But here we begin to scratch the surface of the complaint. While we are under no obligation to live by The Rules, it's a nicer point as to whether we're exempt from even recognizing them if we trip over them. There would be nothing "wrong" about drinking Chopin vodka and lemonade. There are at least two things wrong with calling it. Premium vodkas are made, with great care, generally, to exhibit individual characteristics. Domestic vodkas (which, by law, must be odorless and taste-free) are more amenable to blending. The showy adulteration of, let's say, Grey Goose, with, let's say, Hi-C, is pretentious, wasteful, and the opposite of connoisseurship, unless Vodka and Grapey Grape happens to be your drink and The Goose happens to be the only choice on the shelf.

With brown spirits domestic brandy is the choice for blending (and not Hennessey VSOP, let alone a decent Cognac). Even a bourbon-ish spirit with as little real claim to distinction as Jack Daniels is misused under the circumstances; if one idiosyncratically prefers its blowzy charms to superior products, why hide it at the bottom of a sea of mix (and why does one sweeten a Coke)? There's a Catch-22 quality to the call, which leaves us to conclude that the drinker, or in this case the writer, is in thrall to the pitiless master Mass-Market Advertising.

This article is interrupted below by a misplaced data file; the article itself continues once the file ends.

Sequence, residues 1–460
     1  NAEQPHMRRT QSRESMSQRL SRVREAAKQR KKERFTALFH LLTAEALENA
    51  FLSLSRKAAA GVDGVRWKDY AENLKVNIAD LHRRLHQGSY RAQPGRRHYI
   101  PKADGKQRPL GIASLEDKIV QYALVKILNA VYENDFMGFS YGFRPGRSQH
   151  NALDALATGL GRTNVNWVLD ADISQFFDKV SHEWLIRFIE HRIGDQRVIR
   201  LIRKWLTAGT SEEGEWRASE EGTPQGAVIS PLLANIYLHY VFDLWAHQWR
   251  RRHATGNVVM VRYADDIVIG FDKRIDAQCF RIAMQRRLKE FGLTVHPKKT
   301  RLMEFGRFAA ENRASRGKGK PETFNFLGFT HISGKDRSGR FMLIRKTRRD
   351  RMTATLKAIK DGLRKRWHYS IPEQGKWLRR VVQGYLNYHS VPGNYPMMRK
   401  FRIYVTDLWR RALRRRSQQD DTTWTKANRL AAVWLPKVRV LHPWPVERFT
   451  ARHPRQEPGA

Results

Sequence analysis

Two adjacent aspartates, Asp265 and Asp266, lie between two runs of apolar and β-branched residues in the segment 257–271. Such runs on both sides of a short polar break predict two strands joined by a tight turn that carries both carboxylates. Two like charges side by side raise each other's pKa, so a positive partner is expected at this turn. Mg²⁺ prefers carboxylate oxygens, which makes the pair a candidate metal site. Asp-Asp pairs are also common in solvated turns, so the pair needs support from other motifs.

It's an inescapable condition, our modern servitude, and one does not blame the slave for his chains, unless one is a Movement "Conservative" pundit, in which case one generally tries to qualify it. But aside from a permanent sunless imprisonment, there's no real excuse for him not to look at the blue sky sometimes, or the starry night, and ask himself What If? Dowd is fifty-five years old. She's successful, high-profile, and living in one of the world's great cities, and her job almost certainly permits, if not requires, sampling something of the good life. Yet the choice is suspiciously common, which I realize sounds like snobbery, but isn't; it's meant as a criticism of her writer's ear, however tinny. She could have said "wine spritzers" and I would have found it sorta humorous. She could have used "Cosmos" or "Appletinis" or "Cuba Librés" and it would have slid down easy. Okay, except for the Cuba crack, but that still would have shown some welcome writerly spark. I suppose it's possible that Hillary Clinton, a woman of intelligence, wide experience, and disposable income, drinks dilute rotgut, in which case I'm an asshole and it's not the first time, but I suspect the betting would run the other way. I suppose it's possible that Dowd snatched Jack and ginger from the advertising aether or some overheard remark at someone else's wedding and is herself a lifelong teetotaler. But assuming she proofreads her own copy, I sincerely hope not, for her sake.